I am 42 years old, and when I look back at the start of my career in my 20s, there is one piece of advice I would give myself. We are going to talk about it in this video.
There is one thing I did in my 20s, that I look back on and say, “Why did I do that?” That mistake was working for free.
I was young. I was ambitious. I was desperate to make a good impression on my boss. So, when I got my first job, I did a lot of work for free. I was working 7 days a week, 12 hours a day. That is an 84 hour work week, when I could have just worked a 40 hour work week. I was getting paid a salary that was 30k a year. I did not get any over time, so I was giving all these extra hours to my boss for free.
I am not telling you not to work hard. I am telling you not to give away your time for free. There is a difference. You should work hard for the time you agreed, typically eight hours, five days a week. But if your boss starts telling you to come in on the weekends without getting paid, you should say no, and tell your boss to stop taking advantage of you. As you get older, you realize that time is your most valuable resource. The time investment you give to your boss is not going to benefit you twenty years down the road. You are only going to make your boss richer. You would be making a better investment in yourself by doing almost anything else with your time.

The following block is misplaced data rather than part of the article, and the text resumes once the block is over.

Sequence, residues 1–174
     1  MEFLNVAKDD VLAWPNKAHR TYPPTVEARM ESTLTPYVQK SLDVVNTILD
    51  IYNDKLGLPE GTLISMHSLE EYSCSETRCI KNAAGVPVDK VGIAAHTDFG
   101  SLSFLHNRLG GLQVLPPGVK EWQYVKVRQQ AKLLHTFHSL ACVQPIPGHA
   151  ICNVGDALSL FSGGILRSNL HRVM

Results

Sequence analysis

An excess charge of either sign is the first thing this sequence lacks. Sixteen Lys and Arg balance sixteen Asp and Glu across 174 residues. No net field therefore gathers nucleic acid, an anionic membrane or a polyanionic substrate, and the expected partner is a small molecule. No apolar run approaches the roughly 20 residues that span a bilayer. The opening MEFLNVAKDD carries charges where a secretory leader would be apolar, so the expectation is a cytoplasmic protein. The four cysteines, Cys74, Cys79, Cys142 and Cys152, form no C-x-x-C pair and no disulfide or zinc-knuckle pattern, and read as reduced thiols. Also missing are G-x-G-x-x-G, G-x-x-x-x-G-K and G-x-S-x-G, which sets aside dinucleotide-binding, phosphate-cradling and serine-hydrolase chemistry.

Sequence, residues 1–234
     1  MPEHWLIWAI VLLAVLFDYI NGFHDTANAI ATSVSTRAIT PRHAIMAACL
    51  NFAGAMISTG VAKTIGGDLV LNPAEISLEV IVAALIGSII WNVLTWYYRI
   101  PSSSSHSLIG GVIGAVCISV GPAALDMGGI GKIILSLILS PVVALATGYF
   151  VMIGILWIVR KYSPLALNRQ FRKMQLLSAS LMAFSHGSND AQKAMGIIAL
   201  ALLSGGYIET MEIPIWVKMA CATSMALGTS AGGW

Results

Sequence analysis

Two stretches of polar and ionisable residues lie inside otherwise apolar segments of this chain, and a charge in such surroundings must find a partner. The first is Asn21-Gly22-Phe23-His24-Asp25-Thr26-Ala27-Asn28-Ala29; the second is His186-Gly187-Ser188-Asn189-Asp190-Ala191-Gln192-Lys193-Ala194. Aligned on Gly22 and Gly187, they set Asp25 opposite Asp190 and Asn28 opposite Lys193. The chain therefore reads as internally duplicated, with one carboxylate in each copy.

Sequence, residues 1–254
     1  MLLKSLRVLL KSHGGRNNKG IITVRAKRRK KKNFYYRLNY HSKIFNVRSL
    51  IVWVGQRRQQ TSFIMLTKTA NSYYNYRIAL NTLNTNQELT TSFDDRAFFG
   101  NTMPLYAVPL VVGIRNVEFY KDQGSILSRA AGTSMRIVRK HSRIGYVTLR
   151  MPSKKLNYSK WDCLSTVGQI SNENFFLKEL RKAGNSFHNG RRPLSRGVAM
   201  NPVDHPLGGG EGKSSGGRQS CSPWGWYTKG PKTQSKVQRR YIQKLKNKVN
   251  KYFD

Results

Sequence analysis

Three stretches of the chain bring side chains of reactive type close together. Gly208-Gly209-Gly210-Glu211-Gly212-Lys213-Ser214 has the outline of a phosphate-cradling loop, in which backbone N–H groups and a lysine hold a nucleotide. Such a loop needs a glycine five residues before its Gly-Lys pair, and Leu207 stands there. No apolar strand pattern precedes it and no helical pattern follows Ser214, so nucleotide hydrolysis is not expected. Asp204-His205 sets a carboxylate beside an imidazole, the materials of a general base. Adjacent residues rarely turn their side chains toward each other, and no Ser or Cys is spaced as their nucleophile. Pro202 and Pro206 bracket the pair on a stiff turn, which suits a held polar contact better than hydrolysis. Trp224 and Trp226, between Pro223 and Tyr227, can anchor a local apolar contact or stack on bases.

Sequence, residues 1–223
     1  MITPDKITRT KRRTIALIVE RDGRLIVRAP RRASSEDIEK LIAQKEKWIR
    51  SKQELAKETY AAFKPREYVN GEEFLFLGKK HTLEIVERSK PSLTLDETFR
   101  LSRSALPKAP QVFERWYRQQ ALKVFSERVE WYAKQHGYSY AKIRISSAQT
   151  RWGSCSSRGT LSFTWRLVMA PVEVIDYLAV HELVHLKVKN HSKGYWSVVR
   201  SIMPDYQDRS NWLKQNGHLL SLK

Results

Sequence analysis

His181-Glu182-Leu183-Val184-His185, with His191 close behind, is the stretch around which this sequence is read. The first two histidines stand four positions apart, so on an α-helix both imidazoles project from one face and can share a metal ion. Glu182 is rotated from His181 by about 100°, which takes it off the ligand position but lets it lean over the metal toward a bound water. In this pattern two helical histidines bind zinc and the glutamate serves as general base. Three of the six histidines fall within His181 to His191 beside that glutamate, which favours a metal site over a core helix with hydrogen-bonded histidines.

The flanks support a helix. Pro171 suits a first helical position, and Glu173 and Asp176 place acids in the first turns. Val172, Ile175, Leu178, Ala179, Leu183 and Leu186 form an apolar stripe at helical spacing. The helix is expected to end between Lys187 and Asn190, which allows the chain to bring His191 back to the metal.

In my situation, my employer was taking advantage of me. I thought at the time, that if I worked hard, my boss was going to shower me with raises and promotions. I did not receive a single one. And now that I have more experience, I realize, that is not how promotions work. When a manager is deciding promotions, they do not line up their workforce and compare how hard people are working. There are a lot of other factors that go into the decision, including office politics. In fact, if you are a hard worker, and working a lot of hours for free, it actually works against your chance for promotions. If you are doing the work of three people, your boss does not want to lose you, because then they will have to hire three more people to replace you.
I am making this video because I see this happen so often in business. Employers will take advantage of their staff. And employees do not realize how much power they have. You can just say “No, I will not let you take advantage of me.”
My recommendation, if you are ambitious, is to work 8 hours a day for your boss, and then 4 hours a day for yourself on starting a business. You are still working hard, but instead of giving your time to your boss, you are investing in yourself and your future. Starting your own business is not your only option. You could spend that 4 hours a day going to the gym, reading business books, or spending time with your kids. You will be better off in twenty years doing any of those things, then you would if you worked for your boss for free.
You should realize, it is not just the lost wages you are losing out on. There are also social and financial costs when you are distracted from your other aspects of life and opportunity costs where you could be doing something else with your time.